Coalition takes aim at health risks of energy drinks
WILLMAR -- They come in cans with aggressive-looking labels and names like Rockstar, Monster Energy and Cocaine. Kids like them, but they -- and their parents -- may not realize the effects of consuming energy drinks supercharged with caffeine. A...
WILLMAR -- They come in cans with aggressive-looking labels and names like Rockstar, Monster Energy and Cocaine.
Kids like them, but they -- and their parents -- may not realize the effects of consuming energy drinks supercharged with caffeine.
Authorities have become concerned enough to start including information about energy drinks in the DARE curriculum taught to Willmar grade-school students, says Julie Asmus of the Willmar Police Department.
"The issue is about the amount of caffeine and what it does to your body," she said.
She's especially alarmed at the young ages at which some kids are consuming energy drinks.
"It's important that parents understand what is in these drinks," she said.
The Kandiyohi County Alcohol, Tobacco and Other Drugs Coalition is taking aim at energy drinks with some public education to help parents and teens understand what exactly they're chugging down in one of these high-octane drinks.
The group has invited Rick Moldenhauer, a treatment services consultant with the Minnesota Department of Human Services, to give two local presentations Thursday on energy drinks.
"We're hoping to bring newer, accurate information to the community," said Rick Loseth, coordinator of the multi-agency coalition.
Although energy drinks have been marketed for several years, it has only been recently that more attention is being paid to their health implications.
The drinks often contain high amounts of caffeine, in some cases significantly higher than coffee or soft drinks. They might be amped up with guarana, which is another stimulant, or with extra sugar. There have been some reports of children and teens becoming dizzy or nauseated from too much caffeine, or "crashing" from caffeine withdrawal.
The risks can become magnified when energy drinks are mixed with alcohol.
"It's like putting a stimulant and a depressant into your body at the same time. It's not a good thing," said Carmen Clementson, supervisor for mental health programs with Kandiyohi County Family Services.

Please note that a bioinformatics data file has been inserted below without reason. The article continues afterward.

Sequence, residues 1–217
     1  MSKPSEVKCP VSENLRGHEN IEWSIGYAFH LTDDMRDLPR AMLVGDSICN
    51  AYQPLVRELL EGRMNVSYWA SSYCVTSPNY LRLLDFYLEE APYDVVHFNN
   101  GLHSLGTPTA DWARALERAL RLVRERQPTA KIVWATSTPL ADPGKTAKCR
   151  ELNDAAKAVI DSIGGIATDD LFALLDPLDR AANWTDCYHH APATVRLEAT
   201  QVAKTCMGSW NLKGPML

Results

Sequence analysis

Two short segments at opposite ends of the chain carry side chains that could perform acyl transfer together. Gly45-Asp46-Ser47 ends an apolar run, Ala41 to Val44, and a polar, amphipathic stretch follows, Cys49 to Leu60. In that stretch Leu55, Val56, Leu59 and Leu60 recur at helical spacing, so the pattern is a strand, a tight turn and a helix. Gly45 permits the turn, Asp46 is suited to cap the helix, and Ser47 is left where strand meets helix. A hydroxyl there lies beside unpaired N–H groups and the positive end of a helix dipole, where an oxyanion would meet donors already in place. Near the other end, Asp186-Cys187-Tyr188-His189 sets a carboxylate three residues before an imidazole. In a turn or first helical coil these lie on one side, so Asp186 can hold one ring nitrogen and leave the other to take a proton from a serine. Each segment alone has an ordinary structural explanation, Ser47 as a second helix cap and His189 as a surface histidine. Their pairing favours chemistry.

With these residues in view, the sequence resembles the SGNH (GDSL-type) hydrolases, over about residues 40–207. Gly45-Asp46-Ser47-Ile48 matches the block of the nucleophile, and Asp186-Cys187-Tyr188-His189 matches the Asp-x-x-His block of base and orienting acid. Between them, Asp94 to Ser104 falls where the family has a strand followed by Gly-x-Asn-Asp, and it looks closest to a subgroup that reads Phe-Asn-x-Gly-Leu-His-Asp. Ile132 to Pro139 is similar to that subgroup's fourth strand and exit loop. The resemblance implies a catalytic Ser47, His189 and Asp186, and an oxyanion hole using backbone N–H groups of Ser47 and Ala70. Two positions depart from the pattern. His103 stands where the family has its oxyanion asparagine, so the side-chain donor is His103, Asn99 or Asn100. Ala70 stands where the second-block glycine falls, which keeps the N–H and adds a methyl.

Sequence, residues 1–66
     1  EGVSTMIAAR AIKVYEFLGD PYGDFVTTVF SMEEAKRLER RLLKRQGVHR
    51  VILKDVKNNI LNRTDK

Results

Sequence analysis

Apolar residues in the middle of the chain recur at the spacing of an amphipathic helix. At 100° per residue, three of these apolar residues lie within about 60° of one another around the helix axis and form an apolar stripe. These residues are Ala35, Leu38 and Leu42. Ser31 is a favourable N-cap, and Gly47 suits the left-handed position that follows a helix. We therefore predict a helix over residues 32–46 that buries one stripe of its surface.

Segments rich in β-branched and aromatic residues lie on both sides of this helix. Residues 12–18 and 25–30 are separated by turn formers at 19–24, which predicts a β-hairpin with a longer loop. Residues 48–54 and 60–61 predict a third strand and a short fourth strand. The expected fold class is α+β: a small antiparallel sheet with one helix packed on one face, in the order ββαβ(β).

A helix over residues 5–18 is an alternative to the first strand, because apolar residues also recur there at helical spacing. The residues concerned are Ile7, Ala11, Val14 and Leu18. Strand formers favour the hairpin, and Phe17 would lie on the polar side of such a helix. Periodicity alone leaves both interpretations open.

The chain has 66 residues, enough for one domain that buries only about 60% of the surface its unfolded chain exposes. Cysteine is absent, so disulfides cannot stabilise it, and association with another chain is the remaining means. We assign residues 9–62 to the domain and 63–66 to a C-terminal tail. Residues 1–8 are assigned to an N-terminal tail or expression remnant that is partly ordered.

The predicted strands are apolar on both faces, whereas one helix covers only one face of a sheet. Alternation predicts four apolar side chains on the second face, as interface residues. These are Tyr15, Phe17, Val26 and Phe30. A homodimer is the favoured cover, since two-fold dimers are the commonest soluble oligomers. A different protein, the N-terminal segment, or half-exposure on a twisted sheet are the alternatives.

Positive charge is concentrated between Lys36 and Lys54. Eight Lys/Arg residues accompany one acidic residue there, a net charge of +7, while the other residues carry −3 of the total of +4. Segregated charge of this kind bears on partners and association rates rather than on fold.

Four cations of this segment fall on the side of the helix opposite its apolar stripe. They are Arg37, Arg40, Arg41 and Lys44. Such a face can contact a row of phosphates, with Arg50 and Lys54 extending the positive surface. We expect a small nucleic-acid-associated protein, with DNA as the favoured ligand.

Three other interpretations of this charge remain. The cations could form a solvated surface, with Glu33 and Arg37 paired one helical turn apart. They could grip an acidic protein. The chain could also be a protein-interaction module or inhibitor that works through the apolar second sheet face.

Officials haven't seen any worrisome local trends in energy drink consumption. But they note that the drinks are increasingly popular among children, teens and young adults.
"We do know from sales trends in general, energy drinks have been increasing their market share," Loseth said.
"Kids are all about energy drinks," said Renee Brandt, regional prevention coordinator with Project Turnabout. "It's the whole caffeine thing."
Widespread consumption of coffee and caffeine-containing soft drinks may have blunted the public's perception of caffeine as a chemical stimulant, she and Loseth said.
"A lot of the brain research that's going on has really helped us understand the effect of chemicals on the brain," Loseth said. "Then when you take mega-doses of caffeine and mix it with alcohol, the unknowns that are coming from that is part of the equation."
"I'm just amazed at how many combinations of things kids are using with energy drinks that we never think about," Brandt agreed. "A lot of people don't get the chemical part."
By bringing in Moldenhauer, who is one of the few people in Minnesota to have done in-depth study on energy drinks and the effects of consuming them, the Alcohol and Drug Coalition hopes to "get ahead of the curve and influence trends in a positive way," Loseth said.
"We're not saying, 'Don't drink.' We're saying, 'If you choose to drink, understand what you're drinking,'" he said. "If that generates some conversation at home with your kids, whether it's at the dinner table or standing around the kitchen counter, I think that's fantastic. The best-case scenario in prevention is conversations between kids and parents."